Overusing decongestant nasal sprays can cause rhinitis medicamentosa in children.
Doctors are worried about reduced efficacy of nasal drops as a growing number of parents resort to over-the-counter decongestants to ease the respiratory problems caused by pollution, thinking that their children are suffering from cold.
Using decongestant nasal drops too frequently to smoothen the air passage of your child can prove detrimental for his or her health – it forces the body to develop tolerance against the components of the medicine as well as increases chances of a rebound, they say.
“Using a medicine when it is not required or for a wrong disease can be as harmful as wrong treatment. The effects of nasal drops that are not used under medical guidance are often short-lived and one needs to use it more frequently to get the desired result. Children, especially who are exposed to outside environment, are affected by the pollutants and allergens and get stuffy nose. However, parents often misunderstand it as a symptom of cough and cold, and buy decongestants from the chemist’s shop. In the long-term, it harms the health of children – overusing decongestant nasal sprays can cause rhinitis medicamentosa. For a more effective resolution, parents should consider using saline decongestants which are more effective and have lesser chances of the ill-effects,” says Dr. Sumit Gupta, Consultant – Pediatrics, Columbia Asia Hospital, Ghaziabad.
The common cold is usually caused by viruses and is mostly self-limiting as symptoms clear in 7 to 10 days, but it can impact on school, use of health services, and money spent on medications. Children have around 6-8 colds per year and adults have 2-4. The nasal sprays contain chemicals that shrink congested blood vessels and open the clogged passages. As they are applied directly into the nose, they give a quick relief. But after a few days, the blood vessels no more respond to the medication and this cycle can continue for months, even years. The rebound phenomenon can lead to chronic sinusitis and other serious, long-term problems as well.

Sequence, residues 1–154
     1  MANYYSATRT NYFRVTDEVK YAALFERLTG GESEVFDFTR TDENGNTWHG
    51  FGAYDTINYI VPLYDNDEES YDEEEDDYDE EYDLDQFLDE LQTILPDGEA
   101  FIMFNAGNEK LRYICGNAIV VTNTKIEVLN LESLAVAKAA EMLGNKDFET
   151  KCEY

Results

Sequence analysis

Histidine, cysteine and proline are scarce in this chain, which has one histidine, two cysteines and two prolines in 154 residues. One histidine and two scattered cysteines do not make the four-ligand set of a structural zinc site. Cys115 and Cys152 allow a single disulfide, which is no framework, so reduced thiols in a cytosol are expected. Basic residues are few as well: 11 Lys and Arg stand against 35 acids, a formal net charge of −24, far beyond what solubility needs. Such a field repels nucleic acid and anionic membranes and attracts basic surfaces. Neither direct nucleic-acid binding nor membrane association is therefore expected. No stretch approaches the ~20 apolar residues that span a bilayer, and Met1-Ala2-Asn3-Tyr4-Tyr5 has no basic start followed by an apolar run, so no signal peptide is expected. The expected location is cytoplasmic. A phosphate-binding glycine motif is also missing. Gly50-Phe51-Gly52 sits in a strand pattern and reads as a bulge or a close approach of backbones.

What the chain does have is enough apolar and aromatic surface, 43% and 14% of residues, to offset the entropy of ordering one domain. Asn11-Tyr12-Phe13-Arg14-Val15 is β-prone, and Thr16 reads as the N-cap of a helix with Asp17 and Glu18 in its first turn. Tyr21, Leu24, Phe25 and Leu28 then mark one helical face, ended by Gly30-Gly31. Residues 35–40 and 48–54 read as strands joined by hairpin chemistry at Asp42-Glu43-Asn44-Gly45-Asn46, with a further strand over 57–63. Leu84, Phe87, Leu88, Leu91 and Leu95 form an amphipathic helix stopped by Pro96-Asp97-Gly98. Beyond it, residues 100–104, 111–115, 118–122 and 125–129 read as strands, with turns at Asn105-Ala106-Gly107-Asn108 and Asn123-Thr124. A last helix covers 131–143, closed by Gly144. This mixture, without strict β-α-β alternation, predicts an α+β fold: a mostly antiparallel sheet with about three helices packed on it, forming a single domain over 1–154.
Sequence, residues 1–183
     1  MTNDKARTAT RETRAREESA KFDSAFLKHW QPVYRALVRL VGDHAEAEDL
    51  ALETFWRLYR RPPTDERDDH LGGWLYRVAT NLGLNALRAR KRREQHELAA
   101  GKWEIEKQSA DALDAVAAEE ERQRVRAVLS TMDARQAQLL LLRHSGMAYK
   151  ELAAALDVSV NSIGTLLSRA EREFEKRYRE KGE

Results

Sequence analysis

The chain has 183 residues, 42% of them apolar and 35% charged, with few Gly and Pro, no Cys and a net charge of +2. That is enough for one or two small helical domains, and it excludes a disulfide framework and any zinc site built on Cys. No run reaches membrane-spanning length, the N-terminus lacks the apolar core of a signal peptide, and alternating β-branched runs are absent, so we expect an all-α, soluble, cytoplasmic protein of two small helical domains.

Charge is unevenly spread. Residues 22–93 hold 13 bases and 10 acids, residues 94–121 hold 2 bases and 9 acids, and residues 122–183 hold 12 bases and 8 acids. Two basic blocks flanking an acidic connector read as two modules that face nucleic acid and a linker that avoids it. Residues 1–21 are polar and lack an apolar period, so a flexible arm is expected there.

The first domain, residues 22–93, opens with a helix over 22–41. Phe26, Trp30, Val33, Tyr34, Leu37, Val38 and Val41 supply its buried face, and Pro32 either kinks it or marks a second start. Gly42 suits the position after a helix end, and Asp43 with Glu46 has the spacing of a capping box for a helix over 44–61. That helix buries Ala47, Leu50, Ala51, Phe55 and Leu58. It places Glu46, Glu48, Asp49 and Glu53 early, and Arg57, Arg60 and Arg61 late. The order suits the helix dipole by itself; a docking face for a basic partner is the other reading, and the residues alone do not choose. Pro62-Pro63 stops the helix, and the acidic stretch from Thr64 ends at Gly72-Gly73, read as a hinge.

“Nasal decongestant drops should not be given to children under 6 years and given with caution in children under 12 years, as there is no evidence that they alleviate symptoms such as a blocked or runny nose, and their safety is unclear. To know if your child has an allergy, look for additional symptoms such as itchy and watery eyes. Besides, allergies are seasonal or have a trigger. If you can’t find any, chances are there are none. In that case, take your child to a doctor to understand the reason better before using a nasal drop. Avoid using a spray more than once every 12 hours, or longer than 3 days; under the doctor’s supervision, try a different mix of chemical ingredients for congested nose. Watch out for withdrawal symptoms in your child, including headaches, sleep trouble, restlessness, and anxiety – you will need medical help to overcome this,” says Dr. Sumit Gupta, Consultant – Pediatrics, Columbia Asia Hospital, Ghaziabad.